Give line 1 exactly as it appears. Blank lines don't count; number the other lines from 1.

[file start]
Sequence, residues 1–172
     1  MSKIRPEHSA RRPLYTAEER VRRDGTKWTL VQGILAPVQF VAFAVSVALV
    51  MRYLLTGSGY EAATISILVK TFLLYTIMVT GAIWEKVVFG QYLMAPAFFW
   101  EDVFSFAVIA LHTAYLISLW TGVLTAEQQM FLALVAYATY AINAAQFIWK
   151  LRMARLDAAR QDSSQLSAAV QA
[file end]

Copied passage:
Sequence, residues 1–172